Black Paintings

Alima Rita (1932-2013) is renowned for her use of color as a central value. Since the early 1960s her paintings have been based on pure colors examining what she referred to as “the relations between colors”, “the colorful neighbors” and “power facing power”. In 1969 Alima got acquainted with screen printing, a technique that would bear decisive influence on her entire work. Turning to print allowed her to extract the most out of color’s power, while weakening the role of painting as the sole means of expressing virtuosity and emotions.

Alima’s pursuit of the qualities of color somewhat overshadowed her growing interest in black shades. Upon completion of her studies, her painting on canvas tended toward dark hues, using oil colors and trading her brush for the spatula. At the same time in her works on paper she examined different materials, among them gouache, oil, ink, pencils, marble dust and wax. She found these works to be mainly summoning “trial and error” processes, as they reflect new beginnings.

Her early experience with black color finds a different expression in her late works. The ‘Black Paintings’ in this exhibition belong to the creative period between 2005 and 2013. They were mostly created on large paper rolls in an attempt to encompass the evolution of her work over the years. The paintings draw together an array of signs and forms that represents a kind of visual lexicon spanning from emotional expressionism to rational square color surfaces. Featuring both experimental free drawing and a measured line, they echo memories from inspirational landscapes that are mainly expressed in her later prints: parallel stripes resembling plowed furrows or a line of cypress trees, a black square in the shape of a field, the curvature of the horizon at the top of a mountain or a waterfall, and intensive hatching that brings chrysanthemum or poppy fields to the mind.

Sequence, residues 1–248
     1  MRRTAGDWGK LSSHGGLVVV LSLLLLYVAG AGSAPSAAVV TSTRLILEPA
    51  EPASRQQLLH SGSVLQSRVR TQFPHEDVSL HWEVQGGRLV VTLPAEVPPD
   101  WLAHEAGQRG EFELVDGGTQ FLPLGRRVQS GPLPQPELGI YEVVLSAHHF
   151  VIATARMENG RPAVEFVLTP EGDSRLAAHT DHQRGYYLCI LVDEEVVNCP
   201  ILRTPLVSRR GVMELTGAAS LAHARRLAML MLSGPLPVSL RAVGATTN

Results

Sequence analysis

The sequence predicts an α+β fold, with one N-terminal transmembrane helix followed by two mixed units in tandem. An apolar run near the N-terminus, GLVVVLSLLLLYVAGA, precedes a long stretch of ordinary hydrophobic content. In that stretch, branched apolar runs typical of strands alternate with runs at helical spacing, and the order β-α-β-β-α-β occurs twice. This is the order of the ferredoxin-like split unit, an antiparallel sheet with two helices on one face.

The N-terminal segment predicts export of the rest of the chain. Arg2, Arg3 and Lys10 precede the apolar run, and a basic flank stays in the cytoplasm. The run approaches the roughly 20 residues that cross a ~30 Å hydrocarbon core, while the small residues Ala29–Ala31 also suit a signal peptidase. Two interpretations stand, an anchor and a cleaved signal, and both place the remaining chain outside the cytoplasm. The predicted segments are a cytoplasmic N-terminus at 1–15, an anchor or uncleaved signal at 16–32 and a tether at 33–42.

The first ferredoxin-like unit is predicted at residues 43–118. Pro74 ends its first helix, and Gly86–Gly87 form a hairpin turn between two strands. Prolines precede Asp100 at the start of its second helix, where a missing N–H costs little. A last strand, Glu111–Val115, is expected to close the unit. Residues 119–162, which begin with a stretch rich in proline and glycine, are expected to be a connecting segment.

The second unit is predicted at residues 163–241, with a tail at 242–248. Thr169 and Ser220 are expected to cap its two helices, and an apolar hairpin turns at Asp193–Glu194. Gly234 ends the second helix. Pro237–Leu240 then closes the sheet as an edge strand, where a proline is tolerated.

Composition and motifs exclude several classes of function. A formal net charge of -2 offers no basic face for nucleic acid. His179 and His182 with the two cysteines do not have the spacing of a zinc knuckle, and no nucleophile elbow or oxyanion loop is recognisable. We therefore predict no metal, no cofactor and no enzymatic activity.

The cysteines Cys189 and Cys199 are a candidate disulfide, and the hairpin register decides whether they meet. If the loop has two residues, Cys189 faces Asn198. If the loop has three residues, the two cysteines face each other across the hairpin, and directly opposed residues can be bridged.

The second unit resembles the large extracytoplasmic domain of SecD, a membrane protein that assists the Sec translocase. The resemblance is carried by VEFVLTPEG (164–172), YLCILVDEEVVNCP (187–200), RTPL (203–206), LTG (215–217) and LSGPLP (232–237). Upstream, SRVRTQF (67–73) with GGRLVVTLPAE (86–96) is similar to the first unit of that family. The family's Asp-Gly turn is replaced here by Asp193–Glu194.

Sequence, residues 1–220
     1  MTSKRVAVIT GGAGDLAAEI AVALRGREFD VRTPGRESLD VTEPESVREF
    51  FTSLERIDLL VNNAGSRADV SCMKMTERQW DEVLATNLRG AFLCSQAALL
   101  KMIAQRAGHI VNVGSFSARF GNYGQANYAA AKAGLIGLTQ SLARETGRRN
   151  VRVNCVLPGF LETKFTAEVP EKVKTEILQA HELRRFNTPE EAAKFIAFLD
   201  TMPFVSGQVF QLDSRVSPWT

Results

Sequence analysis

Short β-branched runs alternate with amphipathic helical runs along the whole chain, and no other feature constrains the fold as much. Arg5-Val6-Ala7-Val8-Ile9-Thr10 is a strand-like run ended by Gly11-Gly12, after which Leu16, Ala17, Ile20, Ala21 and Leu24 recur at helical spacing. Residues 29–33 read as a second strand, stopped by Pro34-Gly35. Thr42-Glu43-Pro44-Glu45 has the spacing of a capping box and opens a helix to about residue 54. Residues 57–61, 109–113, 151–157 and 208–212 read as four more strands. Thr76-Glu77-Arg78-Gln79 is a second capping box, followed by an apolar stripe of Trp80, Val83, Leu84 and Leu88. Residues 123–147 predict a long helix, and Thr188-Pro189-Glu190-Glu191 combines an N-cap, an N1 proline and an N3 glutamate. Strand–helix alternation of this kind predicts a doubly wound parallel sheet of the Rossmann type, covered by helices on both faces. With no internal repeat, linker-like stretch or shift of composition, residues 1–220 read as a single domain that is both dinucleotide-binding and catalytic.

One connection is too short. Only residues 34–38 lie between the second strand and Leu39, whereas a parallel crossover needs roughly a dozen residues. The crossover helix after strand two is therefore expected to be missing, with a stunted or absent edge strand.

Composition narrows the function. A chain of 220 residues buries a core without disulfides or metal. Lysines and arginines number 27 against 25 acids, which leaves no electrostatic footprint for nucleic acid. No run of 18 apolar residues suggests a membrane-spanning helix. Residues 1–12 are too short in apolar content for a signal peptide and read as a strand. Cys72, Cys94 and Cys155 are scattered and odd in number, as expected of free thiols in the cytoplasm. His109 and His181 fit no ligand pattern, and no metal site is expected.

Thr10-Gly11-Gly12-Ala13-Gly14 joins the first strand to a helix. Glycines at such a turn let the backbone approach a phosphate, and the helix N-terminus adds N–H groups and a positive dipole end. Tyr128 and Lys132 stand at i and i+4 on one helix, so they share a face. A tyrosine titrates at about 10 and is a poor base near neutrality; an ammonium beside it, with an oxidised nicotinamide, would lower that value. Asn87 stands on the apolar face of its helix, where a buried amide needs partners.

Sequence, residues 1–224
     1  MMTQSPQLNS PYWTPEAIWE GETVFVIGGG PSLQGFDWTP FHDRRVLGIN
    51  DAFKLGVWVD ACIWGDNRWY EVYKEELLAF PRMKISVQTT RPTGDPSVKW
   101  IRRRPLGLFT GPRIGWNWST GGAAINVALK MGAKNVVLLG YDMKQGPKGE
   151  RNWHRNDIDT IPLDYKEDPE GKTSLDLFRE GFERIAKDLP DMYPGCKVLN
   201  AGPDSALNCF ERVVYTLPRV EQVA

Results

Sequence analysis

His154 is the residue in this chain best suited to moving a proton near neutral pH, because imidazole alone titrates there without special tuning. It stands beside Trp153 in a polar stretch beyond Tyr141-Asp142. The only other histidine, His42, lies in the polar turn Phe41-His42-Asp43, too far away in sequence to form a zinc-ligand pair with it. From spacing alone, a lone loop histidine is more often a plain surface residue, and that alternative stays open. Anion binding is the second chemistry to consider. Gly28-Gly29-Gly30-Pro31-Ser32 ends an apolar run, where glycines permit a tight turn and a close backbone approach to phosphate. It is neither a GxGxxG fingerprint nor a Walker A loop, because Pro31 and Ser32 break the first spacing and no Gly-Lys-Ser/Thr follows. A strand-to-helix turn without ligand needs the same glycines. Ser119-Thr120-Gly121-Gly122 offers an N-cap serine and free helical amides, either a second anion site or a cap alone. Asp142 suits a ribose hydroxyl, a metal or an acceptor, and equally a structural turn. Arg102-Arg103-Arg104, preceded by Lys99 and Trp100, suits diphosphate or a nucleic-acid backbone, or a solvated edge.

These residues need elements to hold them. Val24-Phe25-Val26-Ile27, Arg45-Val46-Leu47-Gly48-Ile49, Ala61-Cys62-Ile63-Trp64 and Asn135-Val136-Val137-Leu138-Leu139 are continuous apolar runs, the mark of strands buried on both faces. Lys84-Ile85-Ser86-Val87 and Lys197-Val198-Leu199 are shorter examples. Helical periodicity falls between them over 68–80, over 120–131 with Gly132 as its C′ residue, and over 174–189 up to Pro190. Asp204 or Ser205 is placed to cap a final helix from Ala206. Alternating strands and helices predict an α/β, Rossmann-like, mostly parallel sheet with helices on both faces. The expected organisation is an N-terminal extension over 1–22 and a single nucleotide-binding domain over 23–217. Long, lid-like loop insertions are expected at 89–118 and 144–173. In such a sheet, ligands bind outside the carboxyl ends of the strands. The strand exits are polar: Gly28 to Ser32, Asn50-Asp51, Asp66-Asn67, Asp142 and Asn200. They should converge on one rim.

As opposed to her early works that took on an experimental character, these late paintings are perceived as a mature and absolute statement encapsulating knowledge that has been accumulated over a lifetime of artistic creation. “For years I have been dealing with color in order to penetrate its depths”, she said. “Today my feeling is very precise. Nowadays, whenever I use the color black I wish to convey the bottom line without going into details. It is the first thing that was ever made. The black stain is an act of creation. It is absolute. It is also the end of all things.”


Black Paintings

Curator: Yaniv Shapira

October-December 2016

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